El Roi

El Roi
Photo by Louis Galvez on Unsplash

She basically had no right to be there in the story. She was shunned, kicked out, unwanted. Parched and starving, pregnant and abandoned, she sat down in a barren place to die. She did not expect to then get an incredible revelation from the eternal God.

But she did.

Hagar was an Egyptian. A foreigner. A woman. A slave forced into sexual sin with no thought to her opinions. And the result of this was her pregnancy – a son who was now unwanted too. She had no “claim” on the narrative of God’s plan with the children of Abraham, but here she is, honored with learning a name of God – El Roi – which means The Living One Who Sees Me. Her story is in Genesis 16.

In Genesis chapter 20, the scene is replayed. This time, she has Ishmael, her son, with her. Parched and starving again, she had to make a choice that would rip a mother’s heart apart – one we never, ever want to make. “Do I leave him alone? Or stay here and watch him die?” Did she feel defeated and inadequate as a mother when she realized that as much as her son needed his mother, she did not have the strength to watch him die? And then, to sadly turn and stumble away? Did she wonder where God was – whether He was still El Roi? Did He see her now? He did.

Do you need to be seen today? Heard? Do you have a past that rips you apart? Maybe it was abuse from people you trusted. Maybe you have sinned and the memories haunt you endlessly. Have you been falsely accused? Betrayed? Spitefully used? Pushed out of the warmth of relationships to fend for yourself? Maybe you always fended for yourself. Or maybe this has happened again and again and you deeply struggle to hope in a God who sees you.

Maybe no one knows about these dark things. Maybe you ask, like the old proverb, “If a tree falls in the forest, does anyone hear it?” Do you want to just forget, push it away, or pretend it all didn’t happen - because, after all, if no one else knew, did it happen at all?

Does all this make you wonder - is God as disappointed with me as I am? Friend, are you parched or starving today?

Can I give you this cup of cold water, friend? God is your witness. He saw and heard and was with you when the worst happened. He saw it but more than that, He saw you. And what’s more – your judgment of yourself is always, always harsher than His judgment of you. In fact, He has no judgment left for you. How do I know? He poured it all out on His Son, your Savior.

In Hosea, there is an incredible chapter about God’s love for Israel in spite of their repeated sin. Please read the whole chapter, even the whole book and let the truth of it wash over your parched and abandoned soul. But hear this verse first:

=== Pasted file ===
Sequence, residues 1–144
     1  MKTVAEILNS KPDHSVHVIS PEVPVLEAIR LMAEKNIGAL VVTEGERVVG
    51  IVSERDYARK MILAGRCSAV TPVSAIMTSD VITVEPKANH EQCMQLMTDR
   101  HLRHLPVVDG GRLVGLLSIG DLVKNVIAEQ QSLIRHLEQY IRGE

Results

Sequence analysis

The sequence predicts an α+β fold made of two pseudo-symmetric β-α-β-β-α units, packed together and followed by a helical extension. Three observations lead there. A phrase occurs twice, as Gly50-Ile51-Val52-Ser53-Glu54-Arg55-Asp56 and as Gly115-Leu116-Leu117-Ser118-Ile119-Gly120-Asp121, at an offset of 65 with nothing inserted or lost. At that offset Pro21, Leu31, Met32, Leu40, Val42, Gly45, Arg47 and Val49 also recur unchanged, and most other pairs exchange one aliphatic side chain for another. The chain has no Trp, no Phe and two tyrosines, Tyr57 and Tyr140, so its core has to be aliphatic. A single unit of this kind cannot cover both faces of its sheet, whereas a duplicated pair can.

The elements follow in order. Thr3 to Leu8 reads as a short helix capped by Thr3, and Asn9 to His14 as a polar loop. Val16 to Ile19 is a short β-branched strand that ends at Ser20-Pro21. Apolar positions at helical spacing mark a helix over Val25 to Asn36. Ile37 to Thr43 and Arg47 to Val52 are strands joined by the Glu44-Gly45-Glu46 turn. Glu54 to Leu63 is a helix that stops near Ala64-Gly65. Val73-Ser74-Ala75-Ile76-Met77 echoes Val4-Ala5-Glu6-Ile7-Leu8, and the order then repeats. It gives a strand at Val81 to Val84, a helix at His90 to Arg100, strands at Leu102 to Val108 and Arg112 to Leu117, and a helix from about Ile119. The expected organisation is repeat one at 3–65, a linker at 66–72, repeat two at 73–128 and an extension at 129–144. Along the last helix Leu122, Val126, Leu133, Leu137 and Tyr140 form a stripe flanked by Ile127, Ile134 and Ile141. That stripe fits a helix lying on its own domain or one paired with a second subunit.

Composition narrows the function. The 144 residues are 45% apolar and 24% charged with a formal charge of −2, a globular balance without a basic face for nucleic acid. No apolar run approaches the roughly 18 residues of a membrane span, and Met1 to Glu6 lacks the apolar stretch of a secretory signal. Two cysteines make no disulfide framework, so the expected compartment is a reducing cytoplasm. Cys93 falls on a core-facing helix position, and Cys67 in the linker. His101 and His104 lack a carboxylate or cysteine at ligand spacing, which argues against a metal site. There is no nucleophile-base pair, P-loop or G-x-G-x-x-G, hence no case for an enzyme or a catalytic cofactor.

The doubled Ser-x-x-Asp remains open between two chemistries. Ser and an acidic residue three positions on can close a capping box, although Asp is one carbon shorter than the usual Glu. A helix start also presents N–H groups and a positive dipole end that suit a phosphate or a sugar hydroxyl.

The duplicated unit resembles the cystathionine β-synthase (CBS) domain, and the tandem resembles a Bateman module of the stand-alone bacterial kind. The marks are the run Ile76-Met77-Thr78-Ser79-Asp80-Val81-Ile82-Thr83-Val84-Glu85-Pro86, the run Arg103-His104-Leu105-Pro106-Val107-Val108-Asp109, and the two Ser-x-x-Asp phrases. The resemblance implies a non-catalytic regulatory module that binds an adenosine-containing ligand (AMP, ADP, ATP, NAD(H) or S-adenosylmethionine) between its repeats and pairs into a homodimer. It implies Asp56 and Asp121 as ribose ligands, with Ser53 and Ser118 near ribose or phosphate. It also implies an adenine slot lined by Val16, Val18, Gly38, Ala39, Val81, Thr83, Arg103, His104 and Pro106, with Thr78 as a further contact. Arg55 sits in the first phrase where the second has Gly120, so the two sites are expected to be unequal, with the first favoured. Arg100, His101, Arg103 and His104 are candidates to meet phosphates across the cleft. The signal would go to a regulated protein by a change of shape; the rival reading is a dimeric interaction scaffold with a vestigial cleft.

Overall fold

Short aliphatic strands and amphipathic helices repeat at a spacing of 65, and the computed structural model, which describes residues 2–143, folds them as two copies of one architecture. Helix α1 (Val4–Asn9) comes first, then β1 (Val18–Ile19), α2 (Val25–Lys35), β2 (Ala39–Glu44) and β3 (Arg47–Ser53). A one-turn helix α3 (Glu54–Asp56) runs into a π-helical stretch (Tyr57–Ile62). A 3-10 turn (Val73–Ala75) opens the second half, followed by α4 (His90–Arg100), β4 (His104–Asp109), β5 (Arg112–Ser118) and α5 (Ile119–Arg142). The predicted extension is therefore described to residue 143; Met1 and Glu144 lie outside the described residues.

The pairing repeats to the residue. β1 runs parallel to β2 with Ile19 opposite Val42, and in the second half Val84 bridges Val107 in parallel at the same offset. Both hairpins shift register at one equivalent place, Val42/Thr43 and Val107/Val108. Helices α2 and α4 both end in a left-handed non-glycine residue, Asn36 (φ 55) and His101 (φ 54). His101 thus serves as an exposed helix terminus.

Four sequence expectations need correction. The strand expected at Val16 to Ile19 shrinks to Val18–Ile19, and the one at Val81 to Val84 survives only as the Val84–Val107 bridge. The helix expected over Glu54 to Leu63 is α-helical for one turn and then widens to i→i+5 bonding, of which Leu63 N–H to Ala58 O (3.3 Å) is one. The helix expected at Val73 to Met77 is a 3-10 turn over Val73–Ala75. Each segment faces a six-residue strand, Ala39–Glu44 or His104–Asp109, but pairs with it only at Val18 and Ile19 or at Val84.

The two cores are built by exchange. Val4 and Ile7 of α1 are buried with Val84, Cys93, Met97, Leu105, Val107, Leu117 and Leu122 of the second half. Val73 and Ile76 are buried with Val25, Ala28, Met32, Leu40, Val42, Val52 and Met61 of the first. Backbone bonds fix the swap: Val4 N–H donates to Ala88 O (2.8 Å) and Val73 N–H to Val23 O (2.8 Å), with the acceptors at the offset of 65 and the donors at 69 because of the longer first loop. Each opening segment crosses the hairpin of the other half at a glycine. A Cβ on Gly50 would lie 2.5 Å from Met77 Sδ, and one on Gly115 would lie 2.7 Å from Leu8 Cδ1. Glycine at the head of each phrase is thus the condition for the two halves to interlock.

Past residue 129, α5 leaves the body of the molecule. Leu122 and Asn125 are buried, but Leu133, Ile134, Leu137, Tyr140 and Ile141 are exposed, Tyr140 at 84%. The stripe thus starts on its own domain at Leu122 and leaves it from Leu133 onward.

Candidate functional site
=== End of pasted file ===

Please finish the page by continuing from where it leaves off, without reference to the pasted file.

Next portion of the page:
“I will not execute my burning anger;
I will not again destroy Ephraim;
for I am God and not a man,
the Holy One in your midst,
and I will not come in wrath” (Hosea 11:9).

Did you catch that? “For I am God and not a man… and I will not come in wrath.” That is NOT how I would expect that verse to end.

In the book Gentle and Lowly, Dane Ortlund puts his expectation of that verse this way:

For I am God and not a man,
The Holy one in your midst,
And I will therefore come in wrath.”

Yes! That is what I expect too! But the chapter is actually saying that it is because He is God that He will not come in wrath for His own. It is because His nature is so vastly different from ours that His heart is warmed in compassion and moves towards us in our brokenness. He is God and not man. We run away from brokenness. He runs toward it.

Jesus saw the leper no one would touch. He not only touched him, He completely healed him. Moved with compassion, He saw, He heard, He came, He saved - us. Because of the cross, we are chosen, called out, named and given revelation – just like Rahab. We had no “right” to this story. We deserved death and damnation for all the sin we were born into and the sin we have committed.

We are not dealing with a God of wrath like we sometimes expect. We are dealing with a God of mercy. Who sees. And the scene of Hagar, parched and starving, cast out and unwanted, about to die… does not end the way we thought it would.

And friend, neither does your story. He is your witness. He knows and groans with you over all the pain in and from your past, and with all the regret over your sin that you daily struggle with. He meets you there, and tells you His name: “I am the Living One Who Sees”... you.

The world, your family, your friends, or other believers may say you or your pain is not important or is nonexistent. Maybe even you join in criticism and say to yourself, “This is not important. Just forget about it.” But the Living One, the Holy One in your midst, the one that chose and called you from out of the multitudes of the earth, says, “No. You and your story were, are, and always will be important and precious to Me. For I am the God who sees.”

Friend, if you are broken, hurting or abandoned today, this truth is for you. He is the God who sees.

The “Whatevers” series of Philippians 4 is coming. Here’s a peek at “Lovely”:

Do you know what is lovely today? Home. Home with all its cluttery silliness and all it represents. Things that should and could be put away but aren’t. Stray socks and a wagon and amazon packages and half-thirsty plants and bandaid wrappers and pillows that little minds thought needed to be here and not there. Bibles and school books and pencils and legos. Two shoes that don’t match, fuzz and dust and loose papers that are bills or forgotten offerings of artwork that never made it to the fridge. Dried out flowers that were brought inside in rapture but never given a drink…